Why (Western) Philosophers are Late to the Dinner Party

philosophers at the tableMost philosophers who write on the arts take a dim view of food and wine as genuine fine arts. Aside from Carolyn Korsmeyer, who is open to the view and has done great work in the philosophy of food and, well, me, I can’ t think of anyone else who pushes this line of thought. The reason may lie deep in our intellectual history.

Plato, who gets Western philosophy off the ground wanted little to do with food.

…the gods made what is called the lower belly, to be a receptacle for the superfluous meat and drink and formed the convolution of the bowels, so that the food might be prevented from passing quickly through and compelling the body to require more food, thus producing insatiable gluttony and making the whole race an enemy to philosophy and culture, and rebellious against the divinest element within us.

There is no doubt about where he stands. Plato, of course, was also a dualist believing that the mind was not only distinct from the body but vastly superior to it. The body and the senses were a hindrance to the attainment of genuine knowledge and the quicker we were rid of that lumbering bag of bones the better.

Other traditions take a different view. The Chinese since ancient times have considered cookery to be an art. And their seminal philosopher Confucius thought of proper cooking and eating as part of one’s spiritual development:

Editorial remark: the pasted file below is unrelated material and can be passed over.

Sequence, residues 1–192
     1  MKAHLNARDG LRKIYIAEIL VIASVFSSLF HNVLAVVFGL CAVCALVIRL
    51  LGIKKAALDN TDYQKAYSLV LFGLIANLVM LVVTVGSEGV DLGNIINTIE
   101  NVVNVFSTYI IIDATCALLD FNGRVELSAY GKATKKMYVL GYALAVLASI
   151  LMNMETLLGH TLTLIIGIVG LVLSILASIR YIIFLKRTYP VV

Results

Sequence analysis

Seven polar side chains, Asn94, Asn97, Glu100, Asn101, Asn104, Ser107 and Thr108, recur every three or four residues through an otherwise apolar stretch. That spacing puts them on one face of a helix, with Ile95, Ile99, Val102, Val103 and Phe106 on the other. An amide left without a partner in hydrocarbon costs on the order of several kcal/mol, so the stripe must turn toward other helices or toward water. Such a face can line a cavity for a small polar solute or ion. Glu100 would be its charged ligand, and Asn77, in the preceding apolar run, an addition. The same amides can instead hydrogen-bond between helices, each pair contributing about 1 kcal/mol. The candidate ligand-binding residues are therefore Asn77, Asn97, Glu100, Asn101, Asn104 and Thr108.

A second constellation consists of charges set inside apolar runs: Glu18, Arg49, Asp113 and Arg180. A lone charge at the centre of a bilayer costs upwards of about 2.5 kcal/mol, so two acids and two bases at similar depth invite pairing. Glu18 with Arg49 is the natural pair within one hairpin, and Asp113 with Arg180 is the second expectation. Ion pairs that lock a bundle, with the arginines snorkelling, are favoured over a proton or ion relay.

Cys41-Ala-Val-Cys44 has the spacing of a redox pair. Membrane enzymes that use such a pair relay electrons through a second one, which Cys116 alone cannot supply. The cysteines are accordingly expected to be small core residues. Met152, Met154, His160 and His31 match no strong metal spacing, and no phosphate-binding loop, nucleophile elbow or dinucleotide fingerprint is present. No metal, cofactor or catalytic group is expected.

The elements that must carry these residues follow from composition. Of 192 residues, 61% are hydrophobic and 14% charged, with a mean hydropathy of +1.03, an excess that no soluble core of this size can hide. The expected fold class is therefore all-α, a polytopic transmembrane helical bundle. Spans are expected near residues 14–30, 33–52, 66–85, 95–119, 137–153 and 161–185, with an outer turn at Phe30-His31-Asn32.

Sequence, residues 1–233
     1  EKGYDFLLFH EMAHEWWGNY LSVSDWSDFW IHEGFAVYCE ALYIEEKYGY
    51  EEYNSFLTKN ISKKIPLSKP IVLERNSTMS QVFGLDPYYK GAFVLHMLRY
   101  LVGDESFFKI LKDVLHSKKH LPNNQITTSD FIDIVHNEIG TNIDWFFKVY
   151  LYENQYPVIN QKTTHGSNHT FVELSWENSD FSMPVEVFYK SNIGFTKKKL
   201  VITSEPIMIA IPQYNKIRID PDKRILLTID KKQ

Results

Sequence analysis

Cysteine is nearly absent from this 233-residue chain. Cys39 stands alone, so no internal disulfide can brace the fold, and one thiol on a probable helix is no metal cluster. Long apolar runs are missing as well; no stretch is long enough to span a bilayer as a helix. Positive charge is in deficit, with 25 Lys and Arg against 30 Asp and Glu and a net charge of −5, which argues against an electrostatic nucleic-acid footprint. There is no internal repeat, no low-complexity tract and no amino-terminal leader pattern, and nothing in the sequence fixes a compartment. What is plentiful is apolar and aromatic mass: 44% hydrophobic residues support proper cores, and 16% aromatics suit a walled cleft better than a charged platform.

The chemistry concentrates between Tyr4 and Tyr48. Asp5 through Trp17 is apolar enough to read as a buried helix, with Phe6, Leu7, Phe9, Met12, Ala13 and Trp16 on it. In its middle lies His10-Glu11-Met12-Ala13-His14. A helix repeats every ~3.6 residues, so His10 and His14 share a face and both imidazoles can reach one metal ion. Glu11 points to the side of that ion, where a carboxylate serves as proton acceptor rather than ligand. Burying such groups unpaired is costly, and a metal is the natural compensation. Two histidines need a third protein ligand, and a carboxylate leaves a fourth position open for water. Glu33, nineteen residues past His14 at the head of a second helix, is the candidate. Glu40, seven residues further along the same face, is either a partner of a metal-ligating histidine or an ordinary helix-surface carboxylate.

“[The gentleman] … did not eat his fill of polished rice, nor did he eat his fill of finely minced meat…. He did not eat food that had gone off color or food that had a bad smell. He did not eat food that was not properly prepared…. He did not eat food that had not been properly cut up, nor did he eat unless the proper sauce was available” (form The Analects, bk. 10,no. 8, p. 103).

Good eating nourishes both the body and the mind. But of course Confucius was no dualist. The tradition of Confucianism views the universe as an integrated unit, with its parts unified and interconnected, including the mind and body. It is probably no accident that he viewed cooking and eating more favorably.

Contemporary philosophers have abandoned dualism of the Platonic sort, but have not discarded Plato’s negative attitude toward food.

Could it be they are still closet dualists?


    1. Thanks Jonathan. I wasn’t aware of either article. The line Meskin takes over from Korsmeyer–Goodman’s idea of exemplification–is the basis for my approach in the book I’m finishing up. He does a nice job of summarizing the position.

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